From the composer: “Sax In The City” started out as a piece called “Salsa para Lauren”.
It was written to illustrate the salsa genre to an outstanding pupil who needed some help in understanding compositional technique. It was later noticed that the Montuno section between letters A and B bore a passing resemblance to the signature tune from a certain TV series and so it was decided to change the name with a view to publishing the piece as a saxophone quartet. Following the success of this sax quartet version, I was asked to arrange “Sax In The City” for sax & piano. My top tips for performing “Sax in the City” are:
- Lower saxes be careful not to overpower the soprano when it has the melodic theme (Letters B, D, H and J) – a definite sotto voce is called for here.
- Make sure that even quavers are used throughout (straight 8s) and that all articulations are accurately played especially staccatos and tenutos: this is very important in this style of music.
- The 32 bar solo at letter F can be played by the alto or tenor player. The written solo is only an example realisation of the chord sequence, feel free to experiment.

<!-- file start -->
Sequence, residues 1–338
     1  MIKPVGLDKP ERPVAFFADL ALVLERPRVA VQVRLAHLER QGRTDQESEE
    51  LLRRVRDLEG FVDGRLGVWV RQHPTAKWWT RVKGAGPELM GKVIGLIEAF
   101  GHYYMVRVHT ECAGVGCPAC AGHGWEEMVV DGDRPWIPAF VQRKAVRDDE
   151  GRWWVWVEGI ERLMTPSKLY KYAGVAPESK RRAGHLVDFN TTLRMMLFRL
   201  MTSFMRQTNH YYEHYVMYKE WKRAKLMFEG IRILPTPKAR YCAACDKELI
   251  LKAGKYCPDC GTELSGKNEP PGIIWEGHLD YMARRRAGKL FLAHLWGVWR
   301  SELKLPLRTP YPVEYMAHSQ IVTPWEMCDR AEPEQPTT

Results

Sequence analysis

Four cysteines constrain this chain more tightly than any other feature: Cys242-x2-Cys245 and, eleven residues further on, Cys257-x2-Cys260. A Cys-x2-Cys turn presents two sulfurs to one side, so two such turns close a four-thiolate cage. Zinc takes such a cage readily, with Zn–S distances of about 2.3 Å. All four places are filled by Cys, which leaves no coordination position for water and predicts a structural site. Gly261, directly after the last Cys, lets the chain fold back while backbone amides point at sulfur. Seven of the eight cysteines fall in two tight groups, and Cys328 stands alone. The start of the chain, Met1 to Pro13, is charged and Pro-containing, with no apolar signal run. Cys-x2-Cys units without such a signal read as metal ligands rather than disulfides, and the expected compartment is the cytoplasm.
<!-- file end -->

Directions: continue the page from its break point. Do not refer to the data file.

- Have fun!
“Sax in the City” is also available in hard-copy from June Emerson Wind Music.
The E-Edition PDF bundle comes with the following parts:
Soprano Saxophone (alternative to Alto Saxophone 1)
Alto Saxophone 2
Alto Saxophone 1 (alternative to Soprano Saxophone)
I love this wee piece. Its infectious Latin groove stayed with me for hours after playing through it. It is very well written and can be augmented with more players like Gavin Whitlock’s ‘Celtic Suite’. It is about grade seven standard and sounds more complex than it really is, which is a tribute to the composer. It is a complete winner with audiences and is a must-buy.
Gerard McChrystal – Clarinet & Saxophone Magazine, Summer 2006